| Aenictus paradentatus|
Jaitrong & Yamane, 2012
Aenictus paradentatus occurs from low-lands to highlands (up to 1,300 m a.s.l., Doi Ang Khang, N. Thailand) and inhabits primary and disturbed forests (rarely marching even in grasslands in the mountain range of N. Vietnam). It has been observed preying on other ants such as species of Leptogenys (Vietnam, VN98-SKY-15), Oecophylla (Thailand, HKK10-06-06), Pachycondyla (Laos, WJT10-LAO16) and Pheidole (Vietnam, VN98-SKY-15), and also on termites, Macrotermes sp. (Laos, WJT10-LAO12).
A member of the pachycerus group. Jaitrong, Yamane and Wattanachai (2012) - Aenictus paradentatus and Aenictus dentatus are very similar in general appearance as they share the distinctive coarse sculpture on head and mesosoma, and the relatively long antennal scape, extending beyond the posterior margin of the head. However, they differ in several significant characters. The antennal scape is relatively shorter in A. paradentatus (SI 117 - 124) than in A. dentatus (SI 143-152). No overlap is observed in HW / SL between the species. The posterior portion of the head in full-face view is relatively broader in A. paradentatus than in A. dentatus. The first gastral tergite is weakly shagreened with smooth interspaces in the former, while it is wholly smooth and shiny in the latter. The petiole has no peduncle in the former, but has a short but distinct peduncle in the latter.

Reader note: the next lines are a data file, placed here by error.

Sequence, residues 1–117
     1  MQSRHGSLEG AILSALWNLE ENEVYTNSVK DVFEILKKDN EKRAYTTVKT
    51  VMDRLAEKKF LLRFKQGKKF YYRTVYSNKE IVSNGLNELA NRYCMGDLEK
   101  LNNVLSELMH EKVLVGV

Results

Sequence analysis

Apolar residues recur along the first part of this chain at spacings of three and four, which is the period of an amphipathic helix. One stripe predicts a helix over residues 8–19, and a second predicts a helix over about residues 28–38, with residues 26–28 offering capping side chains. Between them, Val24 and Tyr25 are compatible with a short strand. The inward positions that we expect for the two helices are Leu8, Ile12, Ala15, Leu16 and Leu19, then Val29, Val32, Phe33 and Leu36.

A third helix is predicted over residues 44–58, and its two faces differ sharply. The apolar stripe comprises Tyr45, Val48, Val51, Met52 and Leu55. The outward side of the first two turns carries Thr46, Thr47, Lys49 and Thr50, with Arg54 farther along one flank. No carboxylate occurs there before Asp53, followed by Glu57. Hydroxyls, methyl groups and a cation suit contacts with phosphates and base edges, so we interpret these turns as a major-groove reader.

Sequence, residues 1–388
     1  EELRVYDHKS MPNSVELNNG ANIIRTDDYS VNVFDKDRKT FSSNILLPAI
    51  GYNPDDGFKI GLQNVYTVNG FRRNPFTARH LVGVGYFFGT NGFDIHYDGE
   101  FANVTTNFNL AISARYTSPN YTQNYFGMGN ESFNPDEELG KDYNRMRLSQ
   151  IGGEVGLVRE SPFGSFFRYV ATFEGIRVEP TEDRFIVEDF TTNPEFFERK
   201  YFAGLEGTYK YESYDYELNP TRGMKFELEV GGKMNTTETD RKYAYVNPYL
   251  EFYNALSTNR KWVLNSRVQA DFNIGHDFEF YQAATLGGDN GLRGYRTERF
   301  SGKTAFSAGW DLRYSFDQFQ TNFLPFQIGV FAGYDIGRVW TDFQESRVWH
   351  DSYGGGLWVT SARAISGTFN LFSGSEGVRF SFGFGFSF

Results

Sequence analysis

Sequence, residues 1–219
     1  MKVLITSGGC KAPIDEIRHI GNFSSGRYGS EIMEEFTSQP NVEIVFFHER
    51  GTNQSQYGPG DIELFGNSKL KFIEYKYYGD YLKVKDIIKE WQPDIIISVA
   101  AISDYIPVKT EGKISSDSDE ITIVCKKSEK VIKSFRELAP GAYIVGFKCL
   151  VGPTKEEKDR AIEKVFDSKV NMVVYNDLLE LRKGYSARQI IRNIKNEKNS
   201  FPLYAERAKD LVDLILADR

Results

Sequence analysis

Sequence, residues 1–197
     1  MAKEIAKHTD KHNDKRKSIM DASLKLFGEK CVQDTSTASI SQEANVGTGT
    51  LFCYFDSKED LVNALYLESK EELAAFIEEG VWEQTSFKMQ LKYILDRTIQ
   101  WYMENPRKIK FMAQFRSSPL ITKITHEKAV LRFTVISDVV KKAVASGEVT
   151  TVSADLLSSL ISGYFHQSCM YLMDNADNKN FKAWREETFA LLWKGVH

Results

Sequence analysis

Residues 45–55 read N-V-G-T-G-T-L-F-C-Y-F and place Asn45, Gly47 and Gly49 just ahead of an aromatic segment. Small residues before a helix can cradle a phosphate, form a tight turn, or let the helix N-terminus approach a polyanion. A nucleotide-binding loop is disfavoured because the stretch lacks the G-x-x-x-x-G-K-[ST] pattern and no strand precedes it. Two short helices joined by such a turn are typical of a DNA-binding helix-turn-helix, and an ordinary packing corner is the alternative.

Keys including this Species
Vietnam, Laos, and Thailand
Distribution based on Regional Taxon Lists
Distribution based on AntMaps
Distribution based on AntWeb specimens
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Little is known about the biology of Aenictus paradentatus. The genus is comprised of species that live an army ant lifestyle. Aenictus typically prey on other ants, from other genera, or other insects such as wasps or termites. There are reports of Aenictus preying on other insects as well and even have been observed collecting honeydew from homopterans (Santschi, 1933; Gotwald, 1995) but this appears, at least from available evidence, to be uncommon. Foraging raids can occur day or night across the ground surface. Occasionally raids are arboreal. During a raid numerous workers attack a single nest or small area, with several workers coordinating their efforts to carry large prey items back to the nest or bivouac. Aenictus have a nomadic life style, alternating between a migratory phase in which nests are temporary bivouacs in sheltered places above the ground and a stationary phase where semi-permanent underground nests are formed. During the nomadic phase bivouacs move regularly, sometimes more than once a day when larvae require large amounts of food. Individual nests usually contain up to several thousand workers, although nest fragments containing only a few hundred workers are often encountered. Queens are highly specialised and look less like workers than in most ant species. They have greatly enlarged gasters (dichthadiform) and remain flightless throughout their life. New colonies are formed by the division of existing colonies (fission) rather than by individual queens starting colonies on their own.
Known only from the worker caste.
The following information is derived from Barry Bolton's New General Catalogue, a catalogue of the world's ants.